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September 05, 1991 - Image 15

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The Michigan Daily, 1991-09-05

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The Michigan Daily - Thursday, September 5, 1991 - Page 15

The Norton Book of Modern War
t Edited by Paul Fussell
W. W. Norton & Co./ hardback
When you think about it, it's not strange at all that warfare has become
,the embodiment of ultimate suffering. Despair undermines courage, death
ends the quest for honor, and pain and hatred make all victories pyrrhic. For
,those who reject Hemingway when he pleads, "Never think that war, no
s matter how necessary, nor how justified, is not a crime," reading the col-
ected works of The Norton Book of Modern War will probably change
your minds.
The collected stories, poems, and personal narratives which fill this
book span the globe, 75 years and four major conflicts (the two World
IWars, the Spanish Civil War, and Vietnam). If some of the works are not of
the same literary excellence as others, there are very few pieces which leave
the reader unaffected. "Never such innocence again," said Philip Larkin,
- thinking of the doomed ranks of youth who had marched off to die in the
trenches of Flanders with sugerplum visions of glory dancing in their
heads. The terrible irrationality of that war is a stigma which marks every
story in the collection. The chaos of war is reflected in the riotous confu-
sion of the Spanish Civil War, where no one was quite sure who was fight-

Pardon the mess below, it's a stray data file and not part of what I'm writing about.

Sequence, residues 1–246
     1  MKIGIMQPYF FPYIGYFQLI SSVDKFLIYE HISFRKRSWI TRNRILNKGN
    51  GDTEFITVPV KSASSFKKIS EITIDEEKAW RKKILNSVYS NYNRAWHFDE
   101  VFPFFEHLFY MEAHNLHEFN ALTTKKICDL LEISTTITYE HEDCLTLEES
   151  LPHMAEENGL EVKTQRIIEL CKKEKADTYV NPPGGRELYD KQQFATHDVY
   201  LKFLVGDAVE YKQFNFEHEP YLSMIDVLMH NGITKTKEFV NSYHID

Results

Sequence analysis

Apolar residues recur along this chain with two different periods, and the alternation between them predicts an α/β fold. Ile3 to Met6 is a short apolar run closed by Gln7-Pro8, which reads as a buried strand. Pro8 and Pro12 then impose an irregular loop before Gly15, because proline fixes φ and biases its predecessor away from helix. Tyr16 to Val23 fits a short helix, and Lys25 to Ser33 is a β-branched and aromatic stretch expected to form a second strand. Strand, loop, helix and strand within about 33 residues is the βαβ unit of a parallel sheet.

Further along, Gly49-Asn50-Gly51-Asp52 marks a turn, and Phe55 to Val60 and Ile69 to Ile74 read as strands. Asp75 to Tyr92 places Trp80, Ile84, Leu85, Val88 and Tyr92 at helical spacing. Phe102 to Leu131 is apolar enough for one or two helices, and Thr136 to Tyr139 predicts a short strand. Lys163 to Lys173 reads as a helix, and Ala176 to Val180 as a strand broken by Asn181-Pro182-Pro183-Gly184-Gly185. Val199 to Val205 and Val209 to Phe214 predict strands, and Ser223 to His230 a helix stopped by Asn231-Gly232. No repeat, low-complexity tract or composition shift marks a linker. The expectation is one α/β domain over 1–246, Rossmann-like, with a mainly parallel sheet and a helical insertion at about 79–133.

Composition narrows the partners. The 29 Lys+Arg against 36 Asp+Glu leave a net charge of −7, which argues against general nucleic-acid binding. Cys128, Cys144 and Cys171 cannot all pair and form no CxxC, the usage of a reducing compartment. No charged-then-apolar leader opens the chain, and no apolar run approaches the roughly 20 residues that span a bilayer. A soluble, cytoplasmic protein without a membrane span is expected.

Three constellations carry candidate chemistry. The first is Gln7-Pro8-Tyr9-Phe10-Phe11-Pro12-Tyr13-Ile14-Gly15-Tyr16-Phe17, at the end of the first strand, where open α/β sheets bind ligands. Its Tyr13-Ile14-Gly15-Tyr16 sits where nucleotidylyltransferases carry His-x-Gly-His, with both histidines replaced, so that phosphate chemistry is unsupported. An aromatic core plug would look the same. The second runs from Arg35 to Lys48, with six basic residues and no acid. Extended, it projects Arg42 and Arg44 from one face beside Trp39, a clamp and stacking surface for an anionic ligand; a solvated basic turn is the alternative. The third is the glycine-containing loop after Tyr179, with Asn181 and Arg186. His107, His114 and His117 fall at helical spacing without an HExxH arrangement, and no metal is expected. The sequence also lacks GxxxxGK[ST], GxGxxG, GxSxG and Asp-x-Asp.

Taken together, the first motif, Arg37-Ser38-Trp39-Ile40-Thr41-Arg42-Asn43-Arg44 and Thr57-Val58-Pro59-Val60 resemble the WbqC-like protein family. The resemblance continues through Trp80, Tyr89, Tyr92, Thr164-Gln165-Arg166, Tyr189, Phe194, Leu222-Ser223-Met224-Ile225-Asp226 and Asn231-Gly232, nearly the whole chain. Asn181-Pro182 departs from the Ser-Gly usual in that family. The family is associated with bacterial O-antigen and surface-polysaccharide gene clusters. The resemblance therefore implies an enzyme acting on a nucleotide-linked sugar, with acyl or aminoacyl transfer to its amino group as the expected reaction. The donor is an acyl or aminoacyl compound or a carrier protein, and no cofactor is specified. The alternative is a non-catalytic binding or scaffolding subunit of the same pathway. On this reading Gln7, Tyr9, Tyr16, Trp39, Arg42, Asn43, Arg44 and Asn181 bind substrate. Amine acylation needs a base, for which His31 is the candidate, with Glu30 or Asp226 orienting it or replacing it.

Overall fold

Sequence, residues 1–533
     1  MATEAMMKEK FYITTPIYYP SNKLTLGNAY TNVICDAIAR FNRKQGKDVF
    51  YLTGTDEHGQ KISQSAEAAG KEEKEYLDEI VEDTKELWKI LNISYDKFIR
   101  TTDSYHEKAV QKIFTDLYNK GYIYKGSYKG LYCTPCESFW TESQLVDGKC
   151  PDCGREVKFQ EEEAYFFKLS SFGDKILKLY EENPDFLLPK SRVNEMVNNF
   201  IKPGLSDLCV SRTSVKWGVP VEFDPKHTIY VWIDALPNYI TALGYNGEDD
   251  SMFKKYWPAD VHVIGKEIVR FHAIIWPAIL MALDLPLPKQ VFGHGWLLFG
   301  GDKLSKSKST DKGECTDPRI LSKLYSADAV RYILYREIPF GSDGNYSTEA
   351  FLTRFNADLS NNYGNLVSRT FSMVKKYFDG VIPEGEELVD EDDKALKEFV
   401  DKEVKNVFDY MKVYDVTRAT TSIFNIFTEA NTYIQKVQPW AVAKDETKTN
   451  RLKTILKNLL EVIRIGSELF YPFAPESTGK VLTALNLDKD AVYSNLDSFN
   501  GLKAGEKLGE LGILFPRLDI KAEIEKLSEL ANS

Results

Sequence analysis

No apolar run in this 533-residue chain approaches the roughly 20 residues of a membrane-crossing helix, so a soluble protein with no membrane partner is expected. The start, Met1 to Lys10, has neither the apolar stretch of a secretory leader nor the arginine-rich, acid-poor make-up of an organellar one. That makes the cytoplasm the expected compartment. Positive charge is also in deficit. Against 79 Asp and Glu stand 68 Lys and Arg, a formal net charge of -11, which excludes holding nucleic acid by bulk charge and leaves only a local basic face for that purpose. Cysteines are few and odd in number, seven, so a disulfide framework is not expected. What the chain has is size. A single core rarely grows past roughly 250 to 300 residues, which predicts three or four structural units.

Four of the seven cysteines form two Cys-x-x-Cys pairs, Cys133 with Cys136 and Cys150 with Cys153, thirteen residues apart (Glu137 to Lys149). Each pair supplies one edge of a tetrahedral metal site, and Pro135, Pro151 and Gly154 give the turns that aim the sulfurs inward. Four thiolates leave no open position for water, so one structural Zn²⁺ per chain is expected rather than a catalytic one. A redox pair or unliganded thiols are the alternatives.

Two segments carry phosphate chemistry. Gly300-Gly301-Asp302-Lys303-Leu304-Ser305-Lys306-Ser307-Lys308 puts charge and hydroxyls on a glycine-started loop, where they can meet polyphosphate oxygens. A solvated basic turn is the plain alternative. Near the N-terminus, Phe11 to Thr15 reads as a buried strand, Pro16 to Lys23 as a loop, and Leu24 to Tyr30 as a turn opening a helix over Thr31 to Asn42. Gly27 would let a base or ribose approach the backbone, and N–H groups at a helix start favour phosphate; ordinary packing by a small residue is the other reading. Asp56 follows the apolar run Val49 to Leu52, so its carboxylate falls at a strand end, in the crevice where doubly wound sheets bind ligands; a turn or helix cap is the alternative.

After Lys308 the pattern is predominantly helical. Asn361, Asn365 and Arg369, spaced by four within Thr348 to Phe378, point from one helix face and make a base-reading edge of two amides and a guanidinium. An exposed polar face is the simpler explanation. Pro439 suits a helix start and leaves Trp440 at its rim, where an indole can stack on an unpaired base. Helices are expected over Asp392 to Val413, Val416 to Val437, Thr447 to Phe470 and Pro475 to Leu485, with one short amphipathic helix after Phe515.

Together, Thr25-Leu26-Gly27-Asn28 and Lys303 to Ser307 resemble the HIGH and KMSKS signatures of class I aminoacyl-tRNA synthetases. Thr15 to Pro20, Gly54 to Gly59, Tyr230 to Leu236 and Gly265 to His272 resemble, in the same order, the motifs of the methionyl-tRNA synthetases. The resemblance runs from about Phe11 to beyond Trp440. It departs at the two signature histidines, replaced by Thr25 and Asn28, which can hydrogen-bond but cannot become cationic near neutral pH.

sing whom, and an ally of yesterday was likely to betray you to the modern-
;ized guillotines of the Revolutionary tribunals tomorrow. A generation
later and half a world away, the same violent injustice reigned in the inno-
scent little Vietnamese hamlet into which Lieutenant Calley (subject of a
recent, forgiving People magazine profile) led his men. They vented their
fanger and bullets on the Viet Cong, a massacre which continued until hun-
dreds of unarmed women and children lay strewn, dead and dying, in the
mud and ditches of My Lai.
The death and suffering portrayed is not merely unjust, but inhumane as
well. Beginning with a wretchedly dry, official bulletin on how to deal
with putrefying and unburiable corpses, and continuing over the comman-
der of Auschwitz's account of pitching screaming babies into the gas chain-
- bers before returning home to bathe and play with his own children, the
climax of the horror was reached, for me, in an account of the murder of a
VC sympathizer. Troops gathered to "watch the fun" as the woman was
tied and subdued, a fire hose's "tarnished brass nozzle forced between her
legs, forced against the resilient folds of flesh... A scream started from her
throat, a sound unlike any other! Red and pink and brown and white and
green, a torrent of mixed flesh and high pressure steam... " The evil of the
Nazis is well known - less well publicized is the darker side of troops
fighting for the "right" side, like these American Green Berets.
Editor Paul Fussell writes that the publication of the truth about war
is an ironic victory, "ironic" because it relies upon past horrors for inspira-
tion, but a "victory" in that it fights against future wars. It is harder for
governments to recruit or compel warm bodies to fight and die when those
bodies have minds. When soldiers know that "being all they can be" means
being figures in a casualty count or paraplegics in a VA ward until they die,
waging war becomes difficult. As some dreamer once said, "What if we
gave a war and nobody came?" "The truth will set you free," said another,
and certainly the Norton collection does a good job of breaking the bonds